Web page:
Our second Golden Hare Books Book Fringe event was prefaced by a deluge of Biblical proportions, appropriate for the launch of a novel set in extreme weather conditions.
The weather was a marked contrast from the considerable heat of our Nan Shepherd event the day before, but just as with Nan Shepherd, a flock of literary enthusiasts braved the torrential conditions to celebrate Lucie McKnight Hardy’s gorgeous and unsettling debut novel Water Shall Refuse Them.
Lucie began with a reading, immersing us immediately in her novel’s disturbing and evocative opening scene. Set in the heatwave of 1976, Water Shall Refuse Them centres on sixteen-year-old Nif and her family, who move to a rural village in Wales to escape and heal following a family tragedy. The extract Lucie read from is beautiful and disquieting – the heat and tension were almost tangible; every word echoed with hidden, unspoken depth, so much so that it was a pity when she drew to a halt. But the reading was followed by an absorbing conversation with Golden Hare Books writer-in-residence and team favourite Claire Askew, more than ample compensation!
Claire and Lucie chatted about Lucie’s writing process and how Water Shall Refuse Them came about: the novel started life as part of Lucie’s dissertation for her Creative Writing Masters, which she wrote throughout her two-year degree before scrapping and rewriting everything in the last few months (this was highly relatable content). Certain details and plot points changed, with Nif aging from twelve to sixteen in this process of rewriting, but Lucie explained just how valuable the first draft was – even though so much of it was unused – because it gave her the chance to develop the characters and atmosphere that are so central to the experience of the novel. Lucie beautifully described the process of writing as a form of composting, with various ideas being layered over each other, fermenting and producing new ideas over time.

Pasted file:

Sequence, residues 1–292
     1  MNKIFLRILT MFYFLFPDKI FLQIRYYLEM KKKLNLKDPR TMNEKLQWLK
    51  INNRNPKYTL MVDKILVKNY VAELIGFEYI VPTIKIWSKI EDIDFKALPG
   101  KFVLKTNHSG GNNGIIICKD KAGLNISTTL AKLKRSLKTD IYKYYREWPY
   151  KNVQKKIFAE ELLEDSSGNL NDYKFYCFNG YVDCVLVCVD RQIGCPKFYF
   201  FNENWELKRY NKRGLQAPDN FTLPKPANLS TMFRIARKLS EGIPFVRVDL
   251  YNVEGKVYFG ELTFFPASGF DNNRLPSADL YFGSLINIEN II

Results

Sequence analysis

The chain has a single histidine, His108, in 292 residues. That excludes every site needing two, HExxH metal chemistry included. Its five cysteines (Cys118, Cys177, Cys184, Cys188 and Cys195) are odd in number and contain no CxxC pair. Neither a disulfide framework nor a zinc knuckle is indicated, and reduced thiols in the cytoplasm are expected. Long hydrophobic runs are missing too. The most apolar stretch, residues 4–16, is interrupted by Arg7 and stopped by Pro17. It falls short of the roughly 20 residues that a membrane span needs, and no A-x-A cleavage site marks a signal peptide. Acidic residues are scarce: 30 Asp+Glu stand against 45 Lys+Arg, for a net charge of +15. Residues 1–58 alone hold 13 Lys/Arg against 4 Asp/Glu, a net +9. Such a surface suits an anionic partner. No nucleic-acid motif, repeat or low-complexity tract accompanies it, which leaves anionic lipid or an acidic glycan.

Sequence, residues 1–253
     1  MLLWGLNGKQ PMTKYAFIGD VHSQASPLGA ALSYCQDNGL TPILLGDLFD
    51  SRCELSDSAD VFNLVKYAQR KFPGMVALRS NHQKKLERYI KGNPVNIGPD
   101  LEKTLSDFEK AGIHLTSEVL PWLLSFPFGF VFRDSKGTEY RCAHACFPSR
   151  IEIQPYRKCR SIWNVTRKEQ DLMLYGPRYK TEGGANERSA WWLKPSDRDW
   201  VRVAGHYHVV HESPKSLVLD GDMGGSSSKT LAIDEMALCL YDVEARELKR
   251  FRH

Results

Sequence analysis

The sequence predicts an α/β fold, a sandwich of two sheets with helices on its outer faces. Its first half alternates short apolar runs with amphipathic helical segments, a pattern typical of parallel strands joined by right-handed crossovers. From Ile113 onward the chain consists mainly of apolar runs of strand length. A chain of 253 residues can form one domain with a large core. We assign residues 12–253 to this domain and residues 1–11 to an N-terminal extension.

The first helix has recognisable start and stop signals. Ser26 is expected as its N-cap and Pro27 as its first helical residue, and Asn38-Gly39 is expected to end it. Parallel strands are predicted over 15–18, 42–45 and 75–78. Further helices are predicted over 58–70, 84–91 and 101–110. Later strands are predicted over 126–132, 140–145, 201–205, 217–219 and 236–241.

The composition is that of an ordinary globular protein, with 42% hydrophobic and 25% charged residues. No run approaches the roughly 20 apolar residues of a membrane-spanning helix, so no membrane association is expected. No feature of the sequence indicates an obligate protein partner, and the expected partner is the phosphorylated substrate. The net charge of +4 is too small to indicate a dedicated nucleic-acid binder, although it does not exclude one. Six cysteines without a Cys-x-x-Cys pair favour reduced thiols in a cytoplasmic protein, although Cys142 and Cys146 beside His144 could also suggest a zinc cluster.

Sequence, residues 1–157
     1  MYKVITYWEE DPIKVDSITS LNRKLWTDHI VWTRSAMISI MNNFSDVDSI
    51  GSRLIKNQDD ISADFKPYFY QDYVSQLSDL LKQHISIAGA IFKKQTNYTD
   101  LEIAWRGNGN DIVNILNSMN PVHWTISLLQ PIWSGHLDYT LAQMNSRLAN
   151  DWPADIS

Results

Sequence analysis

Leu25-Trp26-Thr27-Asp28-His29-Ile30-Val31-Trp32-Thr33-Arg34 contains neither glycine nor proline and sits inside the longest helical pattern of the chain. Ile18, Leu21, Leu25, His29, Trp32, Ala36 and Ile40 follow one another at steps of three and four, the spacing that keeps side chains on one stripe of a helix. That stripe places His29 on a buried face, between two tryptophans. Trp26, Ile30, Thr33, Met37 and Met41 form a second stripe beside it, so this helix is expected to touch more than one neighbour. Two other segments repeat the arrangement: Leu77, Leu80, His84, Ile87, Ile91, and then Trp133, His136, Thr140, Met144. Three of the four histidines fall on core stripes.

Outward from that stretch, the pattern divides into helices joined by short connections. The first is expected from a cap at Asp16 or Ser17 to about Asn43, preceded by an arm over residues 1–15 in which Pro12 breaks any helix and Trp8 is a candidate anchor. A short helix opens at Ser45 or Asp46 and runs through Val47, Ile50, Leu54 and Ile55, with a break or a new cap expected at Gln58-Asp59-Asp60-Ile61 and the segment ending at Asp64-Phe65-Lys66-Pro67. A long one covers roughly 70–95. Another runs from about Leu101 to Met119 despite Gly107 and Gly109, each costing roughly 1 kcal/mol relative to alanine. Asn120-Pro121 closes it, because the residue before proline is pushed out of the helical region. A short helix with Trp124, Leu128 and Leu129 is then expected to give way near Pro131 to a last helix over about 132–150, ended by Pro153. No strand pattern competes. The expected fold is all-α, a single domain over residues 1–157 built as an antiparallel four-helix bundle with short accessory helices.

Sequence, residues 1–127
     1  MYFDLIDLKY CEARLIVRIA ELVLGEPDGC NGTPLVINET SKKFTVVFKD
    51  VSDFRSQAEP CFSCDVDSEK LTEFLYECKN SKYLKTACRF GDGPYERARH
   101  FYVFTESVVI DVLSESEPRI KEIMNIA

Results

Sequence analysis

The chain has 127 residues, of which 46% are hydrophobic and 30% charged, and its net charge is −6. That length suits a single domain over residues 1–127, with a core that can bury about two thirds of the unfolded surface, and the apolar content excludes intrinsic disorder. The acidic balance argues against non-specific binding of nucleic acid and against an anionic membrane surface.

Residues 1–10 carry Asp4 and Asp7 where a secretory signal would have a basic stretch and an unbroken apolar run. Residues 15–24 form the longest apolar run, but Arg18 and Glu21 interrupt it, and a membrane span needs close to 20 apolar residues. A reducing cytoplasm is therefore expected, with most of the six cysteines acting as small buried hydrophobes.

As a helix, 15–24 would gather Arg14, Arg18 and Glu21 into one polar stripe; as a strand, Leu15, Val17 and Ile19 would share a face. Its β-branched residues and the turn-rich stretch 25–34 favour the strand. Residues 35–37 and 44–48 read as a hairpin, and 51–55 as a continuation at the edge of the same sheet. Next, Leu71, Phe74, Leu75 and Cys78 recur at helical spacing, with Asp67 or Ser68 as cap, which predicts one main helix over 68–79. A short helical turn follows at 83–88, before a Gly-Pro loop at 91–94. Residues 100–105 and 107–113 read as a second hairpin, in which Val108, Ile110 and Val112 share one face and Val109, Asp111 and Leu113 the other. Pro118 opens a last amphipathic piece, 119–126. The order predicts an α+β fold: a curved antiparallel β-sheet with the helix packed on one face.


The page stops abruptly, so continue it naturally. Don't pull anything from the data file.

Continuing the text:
One of the most striking elements of Water Shall Refuse Them that developed through this process is its engagement with gender and power. Witchcraft reminiscent of American Gothic writing is woven throughout, but for Lucie the novel is less an exploration of specific occult practices but rather of the intersection between women and power, and the ways that this can be expressed.
Lucie was adamant that she wouldn’t write another book where women are victims: instead, Water Shall Refuse Them features women in a myriad of empowered roles, both heroic and villainous. For a coming-of-age narrative focused on a young girl, this complex understanding of womanhood and femininity is absolutely essential and places Lucie within a tradition of women writers such as Shirley Jackson, Muriel Spark, and Angela Carter who recognise and fearlessly navigate this complexity.
We are so grateful to Lucie and Claire for coming to chat about this beautiful novel with us, and for everyone who came to listen despite Edinburgh’s current propensity for thunderstorms!
If you loved this event, make sure to check out the rest of our Book Fringe programme – particularly our event with Marina Warner and Kirsty Logan on the 22 August at 6:30pm here at Golden Hare, which promises more tenacious women and creepy folklore!